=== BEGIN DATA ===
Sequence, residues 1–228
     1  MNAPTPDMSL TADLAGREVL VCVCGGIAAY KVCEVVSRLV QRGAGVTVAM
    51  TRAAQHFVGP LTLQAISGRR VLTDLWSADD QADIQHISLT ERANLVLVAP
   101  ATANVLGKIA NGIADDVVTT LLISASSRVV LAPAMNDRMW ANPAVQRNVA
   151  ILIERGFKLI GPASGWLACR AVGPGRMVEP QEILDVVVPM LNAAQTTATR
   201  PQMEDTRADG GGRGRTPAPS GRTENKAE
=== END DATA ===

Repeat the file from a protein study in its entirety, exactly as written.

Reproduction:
Sequence, residues 1–228
     1  MNAPTPDMSL TADLAGREVL VCVCGGIAAY KVCEVVSRLV QRGAGVTVAM
    51  TRAAQHFVGP LTLQAISGRR VLTDLWSADD QADIQHISLT ERANLVLVAP
   101  ATANVLGKIA NGIADDVVTT LLISASSRVV LAPAMNDRMW ANPAVQRNVA
   151  ILIERGFKLI GPASGWLACR AVGPGRMVEP QEILDVVVPM LNAAQTTATR
   201  PQMEDTRADG GGRGRTPAPS GRTENKAE